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Fermentation not starting after 2 days with Wyeast 3787

Did my first Belgian Tripel this past weekend all grain. O.G. was 1.074. pitched yeast at 70* Monday and have not seen any activity. I agitated and stirred 2x and still nothing. Any ideas on what to do? This was a Christmas gift from my son, yeast was kept in fridge.

Did you make a starter with the yeast? What was the OG of your brew?

Edit: I’m an idiot. ignore my second question :wink:

I’m going to guess you didn’t make a starter. Don’t worry. You should have made one, but you’ll still get beer. The yeast is multiplying, trying to grow enough to ferment your wort. You really don’t need to worry until around 72hrs or so. Right now, you’re around 48hrs, so you have another day to start worrying. Give it until tomorrow and see what happens. If nothing is going by tomorrow night, get another pack of yeast and pitch. I’m willing to bet the next time you check (after work tonight?) it’s doing it’s thing.

Also, do you know what the date on the yeast was? How about aeration, did you aerate before pitching? I’m guessing its an underpitch. During the lag phase (the time between pitching and when you see activity) the yeast is building up its colony and reproducing to attack the job of eating sugars. The more healthy yeast you pitch, the less it needs to reproduce and the shorter the lag time. If that is in fact the case, I’m predicting the yeast will get pooped out and you will end up with a pretty sweet beer.

I have to disagree with this. When I first started brewing, I didn’t make starters so I’m sure I routinely under pitched. Never had an attenuation problem. I’m willing to bet it will attenuate just fine. Maybe not optimal conditions, but the yeast will do their thing. Having said that, it’s still good practice to pitch enough healthy yeast.

I have to disagree with this. When I first started brewing, I didn’t make starters so I’m sure I routinely under pitched. Never had an attenuation problem. I’m willing to bet it will attenuate just fine. Maybe not optimal conditions, but the yeast will do their thing. Having said that, it’s still good practice to pitch enough healthy yeast.[/quote]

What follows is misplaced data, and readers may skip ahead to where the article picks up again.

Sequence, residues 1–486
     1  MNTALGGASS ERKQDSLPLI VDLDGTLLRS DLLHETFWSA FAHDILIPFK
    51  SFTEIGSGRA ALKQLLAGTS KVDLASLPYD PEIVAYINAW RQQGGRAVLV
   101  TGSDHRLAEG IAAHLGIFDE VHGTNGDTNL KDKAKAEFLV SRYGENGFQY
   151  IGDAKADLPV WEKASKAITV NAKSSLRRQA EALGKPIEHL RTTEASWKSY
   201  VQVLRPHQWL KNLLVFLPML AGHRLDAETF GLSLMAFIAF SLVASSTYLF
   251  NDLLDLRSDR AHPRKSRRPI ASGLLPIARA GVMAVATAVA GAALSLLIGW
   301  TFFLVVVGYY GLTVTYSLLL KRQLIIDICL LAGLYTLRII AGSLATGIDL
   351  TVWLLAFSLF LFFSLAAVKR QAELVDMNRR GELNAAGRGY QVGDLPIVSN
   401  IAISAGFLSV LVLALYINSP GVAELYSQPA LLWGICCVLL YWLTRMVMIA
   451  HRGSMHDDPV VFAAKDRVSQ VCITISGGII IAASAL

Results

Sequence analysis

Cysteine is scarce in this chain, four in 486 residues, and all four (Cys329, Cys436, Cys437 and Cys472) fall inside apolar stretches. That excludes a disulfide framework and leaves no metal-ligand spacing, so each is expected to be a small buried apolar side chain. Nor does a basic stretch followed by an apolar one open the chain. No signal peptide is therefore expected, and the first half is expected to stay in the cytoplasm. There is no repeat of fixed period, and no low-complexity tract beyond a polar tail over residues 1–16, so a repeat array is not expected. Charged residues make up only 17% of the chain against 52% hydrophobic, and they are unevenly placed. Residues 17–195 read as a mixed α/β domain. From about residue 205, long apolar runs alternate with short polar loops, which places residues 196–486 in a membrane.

Were any of those 1.074 OG beers? I’ve never worked with 3787 but it appears to be a pretty decent attenuator. I’ve had a few under-attenuations that I believe was due to underpitching, but I suppose it could have been due to other factors including wort fermentability and lower ferment temps.

Thanks for the input guys. This is my first all grain big beer. I will give it another day or so. I did notice about an inch of yeast at bottom of carboy. Maybe the yeast is building up. I agitated again b4 I went to work. Problem now is I wont get to it til friday. I didn’t catch the date on the yeast package. It was purchased at northern brewer so I’m hoping it was ok. I will post again by Friday and let u know . Thanks for the help.

I used 3787 last year. I pitched the smack pack to a patersbier 1.058 OG at 61 degrees, it dropped to 59 overnight and I had to warm it up to get it to 64 before fermentation kicked off. I think it still may have taken 48 hours.

After I kegged the patersbier I poured a Belgian dark strong ale 1.084 OG onto the entire yeast cake, aerated it and it was off to the races in a couple of hours. There was krausen up into the neck of the 6.5 gal carboy the next morning.

The patersbier is a great summer beer, light and fruity. The dark strong has amazing flavors that were really in your face when it was young. It’s starting to round out now and is really good.

You probably should have made a starter but it will be good beer and now you’ll know for the next time.

I’m brewing the patersbier in a couple weeks and will follow it up with the dark strong again. I may only use half the yeast cake this time. Save the other half and do a duvel or something else to cellar.

You really should make a starter for those strong belgian ales.

10/4 on the starter. Never done one b4. Should that be the standard for all brews or just the bigger ones? Also, if I see that it hasn’t started up, what should I do. And what is a better temperature for that beer to ferment?

Good news! Started bubbling this morning. Forgot to mention I had moved it to a little warmer area b4 I left for work yesterday as well. Thanks for all the info. This is a great source of information and learning. I’ll do the starter next time as well.

I do a starter for any beer where i am using liquid yeast from a lab (smackpack or vial). I also do it if I am using harvested yeast that is either slightly old, or too small a volume for what I’m brewing.

I don’t do it for dry yeast, or if I am re-pitching from an active fermentation within 2-3 weeks (this is longer than most recommend but it’s worked for me).

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